Tourists behaving badly

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Written by Linda Hohnholz

When traveling to some of the world’s most special places, the generally agreed upon code of conduct goes, “take nothing but photographs, leave nothing but footprints”.

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When traveling to some of the world’s most special places, the generally agreed upon code of conduct goes, “take nothing but photographs, leave nothing but footprints”.

Unfortunately, some travelers don’t seem to have gotten the memo.

Like the two Americans facing charges for carving their names into the Colosseum and taking a selfie.

We bring you 10 more embarrassing cases of tourists behaving badly.

1. DO NOT TOUCH

In 2013, an American man accidentally broke the finger off a 600-year-old statue at a museum in Florence, Italy.

The statue, which is thought to depict the Virgin Mary, dates from either the 14th or 15th century.

The tourist was reportedly attempting to “measure” the statue.

2. EYE FOR AN EYE, EAR FOR A SOUVENIR

A Finnish tourist was arrested in 2008 for trying to steal an earlobe from a moai stone statue on Easter Island.

Marko Kulju allegedly tore the earlobe off one of the four-meter high moai, which fell to the ground and broke into 20-30cm pieces.

The mayor of Easter Island reportedly said he wished he could rip off Kulju’s ear as punishment.

3. “DING JINHAO WAS HERE”

It’s the kind of thing any naughty teenage boy would carve into his desk at school – except Ding Jinhao took it to the next level by carving the declaration into a 3500-year-old Egyptian temple.

The 2013 incident triggered a public debate in China about etiquette and the country’s image abroad, and the National Tourism Administration was forced to issue guidelines advising Chinese tourists on correct behavior.

4. OH MY BUDDHA

A New Zealand-based Dutch woman landed herself in hot water last year after she broke a Buddha statue at Angkor Wat. Willemijn Vermaat was found in the Bayon Temple, built in the 12th century, next to the statue smashed into four pieces.

She was held for questioning by the Apsara Authority which looks after the UNESCO World Heritage site. She later said she was trying to move the statue because it was in the wrong temple.

5. PYRAMID PORN

Russian-speaking tourists recently created outrage in Egypt for a 10-minute video allegedly showing nudity and sex acts near the 4500 year-old Giza pyramids and the Sphinx.

The conservative Muslim country referred the footage to the public prosecutor.

6. WAT WERE YOU THINKING?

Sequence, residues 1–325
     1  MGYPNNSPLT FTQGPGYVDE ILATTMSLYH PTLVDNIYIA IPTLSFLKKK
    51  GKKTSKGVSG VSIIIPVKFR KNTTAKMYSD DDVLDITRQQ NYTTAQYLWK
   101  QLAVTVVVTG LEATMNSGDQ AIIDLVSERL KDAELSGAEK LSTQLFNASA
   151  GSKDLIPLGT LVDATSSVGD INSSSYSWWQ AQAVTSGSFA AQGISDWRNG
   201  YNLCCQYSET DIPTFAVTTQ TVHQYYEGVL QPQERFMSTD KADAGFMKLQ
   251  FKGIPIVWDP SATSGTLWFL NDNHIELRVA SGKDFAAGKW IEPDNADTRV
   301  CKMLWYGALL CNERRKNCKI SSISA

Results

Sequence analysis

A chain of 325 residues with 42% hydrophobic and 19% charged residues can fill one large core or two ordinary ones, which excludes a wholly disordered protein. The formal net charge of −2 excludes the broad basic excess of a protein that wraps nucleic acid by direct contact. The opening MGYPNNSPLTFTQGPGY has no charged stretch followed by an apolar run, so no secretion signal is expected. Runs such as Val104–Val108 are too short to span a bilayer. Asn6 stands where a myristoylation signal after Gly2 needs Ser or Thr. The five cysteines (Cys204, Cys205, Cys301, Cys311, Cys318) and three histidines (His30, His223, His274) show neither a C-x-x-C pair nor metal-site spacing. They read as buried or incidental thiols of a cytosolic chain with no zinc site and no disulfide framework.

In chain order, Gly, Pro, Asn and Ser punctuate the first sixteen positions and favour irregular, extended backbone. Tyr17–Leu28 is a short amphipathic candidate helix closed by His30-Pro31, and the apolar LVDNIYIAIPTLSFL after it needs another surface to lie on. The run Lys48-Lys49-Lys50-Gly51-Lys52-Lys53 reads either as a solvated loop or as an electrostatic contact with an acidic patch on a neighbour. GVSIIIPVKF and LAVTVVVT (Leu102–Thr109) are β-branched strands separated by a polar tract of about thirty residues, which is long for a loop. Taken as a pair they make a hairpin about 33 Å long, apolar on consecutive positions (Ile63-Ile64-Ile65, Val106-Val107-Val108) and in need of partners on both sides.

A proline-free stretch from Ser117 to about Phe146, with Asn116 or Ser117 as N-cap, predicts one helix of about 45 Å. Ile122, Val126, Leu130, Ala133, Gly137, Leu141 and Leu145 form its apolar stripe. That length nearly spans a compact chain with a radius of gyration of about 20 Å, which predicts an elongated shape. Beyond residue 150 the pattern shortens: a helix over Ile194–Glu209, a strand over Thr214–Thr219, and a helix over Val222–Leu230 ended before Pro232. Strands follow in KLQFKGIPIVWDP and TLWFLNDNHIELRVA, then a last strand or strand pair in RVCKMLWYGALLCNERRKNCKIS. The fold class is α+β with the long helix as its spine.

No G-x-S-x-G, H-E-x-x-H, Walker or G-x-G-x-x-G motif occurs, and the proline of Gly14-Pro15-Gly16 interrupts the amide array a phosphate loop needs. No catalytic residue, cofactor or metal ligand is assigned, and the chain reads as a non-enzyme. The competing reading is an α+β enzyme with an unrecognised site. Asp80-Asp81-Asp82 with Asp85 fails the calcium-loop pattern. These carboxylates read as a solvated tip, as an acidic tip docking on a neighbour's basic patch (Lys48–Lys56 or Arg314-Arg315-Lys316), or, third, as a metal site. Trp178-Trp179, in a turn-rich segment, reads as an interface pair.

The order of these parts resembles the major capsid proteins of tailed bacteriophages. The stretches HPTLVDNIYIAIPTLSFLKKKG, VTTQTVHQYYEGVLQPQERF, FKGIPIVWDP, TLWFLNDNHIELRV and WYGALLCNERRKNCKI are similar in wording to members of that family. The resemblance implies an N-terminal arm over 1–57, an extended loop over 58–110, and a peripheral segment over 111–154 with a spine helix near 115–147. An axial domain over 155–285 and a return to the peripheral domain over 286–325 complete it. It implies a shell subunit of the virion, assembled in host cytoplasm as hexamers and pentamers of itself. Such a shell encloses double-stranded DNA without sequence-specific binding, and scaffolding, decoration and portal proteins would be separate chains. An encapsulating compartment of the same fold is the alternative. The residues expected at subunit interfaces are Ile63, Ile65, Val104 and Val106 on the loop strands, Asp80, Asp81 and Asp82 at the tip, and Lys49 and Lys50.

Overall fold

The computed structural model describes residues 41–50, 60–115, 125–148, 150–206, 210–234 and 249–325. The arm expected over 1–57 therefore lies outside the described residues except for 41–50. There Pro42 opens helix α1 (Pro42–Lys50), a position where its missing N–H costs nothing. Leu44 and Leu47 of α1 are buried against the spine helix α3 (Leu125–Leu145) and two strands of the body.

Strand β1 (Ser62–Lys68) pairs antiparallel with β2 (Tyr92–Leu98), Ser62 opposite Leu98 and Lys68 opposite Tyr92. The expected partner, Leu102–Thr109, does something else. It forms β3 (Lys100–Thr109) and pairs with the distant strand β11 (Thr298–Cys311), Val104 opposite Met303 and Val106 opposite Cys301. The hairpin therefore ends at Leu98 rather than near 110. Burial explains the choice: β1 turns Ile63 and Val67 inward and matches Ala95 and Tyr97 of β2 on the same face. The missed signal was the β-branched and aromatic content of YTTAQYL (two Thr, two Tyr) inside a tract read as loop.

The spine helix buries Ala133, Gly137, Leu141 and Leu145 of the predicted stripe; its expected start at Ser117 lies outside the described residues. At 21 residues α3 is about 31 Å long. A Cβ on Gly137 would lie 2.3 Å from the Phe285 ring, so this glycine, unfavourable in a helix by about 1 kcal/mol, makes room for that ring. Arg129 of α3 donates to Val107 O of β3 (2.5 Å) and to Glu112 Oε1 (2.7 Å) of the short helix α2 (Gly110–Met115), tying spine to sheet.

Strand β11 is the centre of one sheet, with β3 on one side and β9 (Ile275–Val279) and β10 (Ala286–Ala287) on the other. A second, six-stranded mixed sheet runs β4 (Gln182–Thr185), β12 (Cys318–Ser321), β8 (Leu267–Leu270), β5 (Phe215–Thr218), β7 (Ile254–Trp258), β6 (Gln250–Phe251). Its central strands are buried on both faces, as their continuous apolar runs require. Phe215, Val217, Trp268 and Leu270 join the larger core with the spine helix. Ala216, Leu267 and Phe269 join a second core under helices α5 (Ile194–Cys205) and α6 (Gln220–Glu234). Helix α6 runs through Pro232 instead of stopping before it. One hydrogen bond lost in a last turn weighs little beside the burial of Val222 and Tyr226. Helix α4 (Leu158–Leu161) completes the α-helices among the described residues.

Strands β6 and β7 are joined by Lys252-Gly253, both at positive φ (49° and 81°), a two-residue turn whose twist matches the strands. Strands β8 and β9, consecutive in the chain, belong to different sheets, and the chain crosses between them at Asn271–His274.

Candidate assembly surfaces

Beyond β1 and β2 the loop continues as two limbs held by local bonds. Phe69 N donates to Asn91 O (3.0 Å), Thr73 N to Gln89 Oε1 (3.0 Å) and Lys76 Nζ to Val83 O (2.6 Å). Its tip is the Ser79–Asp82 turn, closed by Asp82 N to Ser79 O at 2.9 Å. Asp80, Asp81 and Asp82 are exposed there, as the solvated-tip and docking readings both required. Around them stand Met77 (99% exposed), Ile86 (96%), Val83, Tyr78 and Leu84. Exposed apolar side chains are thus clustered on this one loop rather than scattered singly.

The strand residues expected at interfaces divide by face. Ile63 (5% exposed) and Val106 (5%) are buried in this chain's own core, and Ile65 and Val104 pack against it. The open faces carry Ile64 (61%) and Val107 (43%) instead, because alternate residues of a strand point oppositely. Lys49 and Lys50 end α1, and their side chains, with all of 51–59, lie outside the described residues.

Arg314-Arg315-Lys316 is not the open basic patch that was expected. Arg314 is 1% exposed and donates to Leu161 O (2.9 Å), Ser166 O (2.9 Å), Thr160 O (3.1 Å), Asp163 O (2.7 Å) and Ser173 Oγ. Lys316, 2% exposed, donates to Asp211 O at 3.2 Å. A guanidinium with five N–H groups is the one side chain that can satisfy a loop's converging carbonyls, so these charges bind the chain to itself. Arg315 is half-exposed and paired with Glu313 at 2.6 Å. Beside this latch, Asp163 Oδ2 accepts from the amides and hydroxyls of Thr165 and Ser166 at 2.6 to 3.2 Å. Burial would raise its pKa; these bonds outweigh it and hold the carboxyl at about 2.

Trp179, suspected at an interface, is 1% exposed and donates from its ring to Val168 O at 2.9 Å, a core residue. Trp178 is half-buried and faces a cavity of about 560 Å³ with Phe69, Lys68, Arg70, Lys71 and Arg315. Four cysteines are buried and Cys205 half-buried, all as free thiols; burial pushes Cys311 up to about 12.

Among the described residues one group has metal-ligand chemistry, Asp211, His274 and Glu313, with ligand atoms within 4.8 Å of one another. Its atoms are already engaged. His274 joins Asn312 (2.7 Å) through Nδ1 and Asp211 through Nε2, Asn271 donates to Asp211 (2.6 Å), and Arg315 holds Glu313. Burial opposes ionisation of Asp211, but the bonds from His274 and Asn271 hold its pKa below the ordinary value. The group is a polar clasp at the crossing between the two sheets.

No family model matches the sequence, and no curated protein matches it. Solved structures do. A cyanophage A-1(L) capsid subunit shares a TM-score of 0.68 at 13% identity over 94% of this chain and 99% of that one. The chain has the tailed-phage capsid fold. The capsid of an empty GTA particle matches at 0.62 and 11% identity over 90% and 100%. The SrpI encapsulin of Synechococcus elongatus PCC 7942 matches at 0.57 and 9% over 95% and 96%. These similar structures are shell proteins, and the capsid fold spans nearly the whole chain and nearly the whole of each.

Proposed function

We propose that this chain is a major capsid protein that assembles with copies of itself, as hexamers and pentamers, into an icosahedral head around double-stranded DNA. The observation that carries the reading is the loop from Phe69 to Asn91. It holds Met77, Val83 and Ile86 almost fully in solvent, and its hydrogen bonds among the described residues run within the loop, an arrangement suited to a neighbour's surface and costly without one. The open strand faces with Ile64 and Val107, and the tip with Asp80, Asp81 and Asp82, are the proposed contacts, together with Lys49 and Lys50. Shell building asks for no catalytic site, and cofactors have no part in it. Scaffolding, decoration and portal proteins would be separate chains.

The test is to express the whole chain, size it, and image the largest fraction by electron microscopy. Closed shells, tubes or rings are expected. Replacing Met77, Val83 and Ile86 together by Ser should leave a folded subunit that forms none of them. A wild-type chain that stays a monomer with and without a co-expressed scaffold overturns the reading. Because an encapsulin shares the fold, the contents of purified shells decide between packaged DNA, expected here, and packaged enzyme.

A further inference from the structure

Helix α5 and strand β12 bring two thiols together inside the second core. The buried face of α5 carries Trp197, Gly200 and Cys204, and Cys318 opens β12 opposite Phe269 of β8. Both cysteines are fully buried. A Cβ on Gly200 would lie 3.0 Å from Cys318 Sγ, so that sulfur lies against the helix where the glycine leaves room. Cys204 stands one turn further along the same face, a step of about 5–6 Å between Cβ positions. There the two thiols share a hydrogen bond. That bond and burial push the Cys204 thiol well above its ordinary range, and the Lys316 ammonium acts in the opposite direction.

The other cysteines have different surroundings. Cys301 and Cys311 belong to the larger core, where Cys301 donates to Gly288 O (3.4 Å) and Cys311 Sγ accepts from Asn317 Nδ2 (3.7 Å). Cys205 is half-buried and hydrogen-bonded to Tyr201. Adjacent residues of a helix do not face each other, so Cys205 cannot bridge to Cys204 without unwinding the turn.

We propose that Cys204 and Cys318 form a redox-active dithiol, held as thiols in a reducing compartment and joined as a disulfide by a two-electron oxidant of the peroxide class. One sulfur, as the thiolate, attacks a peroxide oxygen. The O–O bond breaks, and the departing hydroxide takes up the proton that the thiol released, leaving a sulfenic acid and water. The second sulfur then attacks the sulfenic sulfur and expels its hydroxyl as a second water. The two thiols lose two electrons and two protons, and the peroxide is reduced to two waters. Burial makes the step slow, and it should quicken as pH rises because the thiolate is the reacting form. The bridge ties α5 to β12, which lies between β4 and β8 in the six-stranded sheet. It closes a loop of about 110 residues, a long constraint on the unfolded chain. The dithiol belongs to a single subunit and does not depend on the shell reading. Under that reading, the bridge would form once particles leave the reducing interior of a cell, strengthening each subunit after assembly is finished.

Cambodian authorities are having to crack down on nudie tourists at its ancient temples, including Angkor Wat.

Already this year five foreigners have been arrested and deported for taking nude photos at the sacred sites.

7. PERU BUM BAN

Last year a YouTube video of Australian and New Zealand tourists streaking at Machu Picchu went viral.

The brazen pair were ordered to erase the offending images from their memory card by police, and the incident prompted increased surveillance at the Incan ruins.

8. WE WILL SOBERLY REMEMBER THEM

Australian and New Zealand backpackers in Gallipoli for the 90th anniversary of the Anzac landings in 2005 were slammed for their drunken antics.

Around 20,000 pilgrims drank alcohol, listened to rock music – including Bee Gees hit Stayin’ Alive – and left the sacred site strewn with rubbish.

9. THE WORST SELFIE EVER

Twitter user “Princess Breanna” last year shot to notoriety by posting a smiling selfie at the Auschwitz concentration camp.

Fellow social media users questioned the tastefulness of the photo, taken at the site of some of the worst Holocaust atrocities.

10. PENGUIN STEAL GONE WRONG

In 2012, two British tourists broke into SeaWorld on the Gold Coast after a drunken night out and stole a penguin named Dirk.

In the Hangover-style stunt, the pair woke up the next morning to find the flightless bird in their care.

The bird was eventually taken back to SeaWorld and reunited with his girlfriend, Peaches, while the tourists were fined $1000 each.

WHAT TO TAKE AWAY FROM THIS ARTICLE:

  • The 2013 incident triggered a public debate in China about etiquette and the country’s image abroad, and the National Tourism Administration was forced to issue guidelines advising Chinese tourists on correct behavior.
  • In 2013, an American man accidentally broke the finger off a 600-year-old statue at a museum in Florence, Italy.
  • A Finnish tourist was arrested in 2008 for trying to steal an earlobe from a moai stone statue on Easter Island.

About the author

Linda Hohnholz

Editor in chief for eTurboNews based in the eTN HQ.

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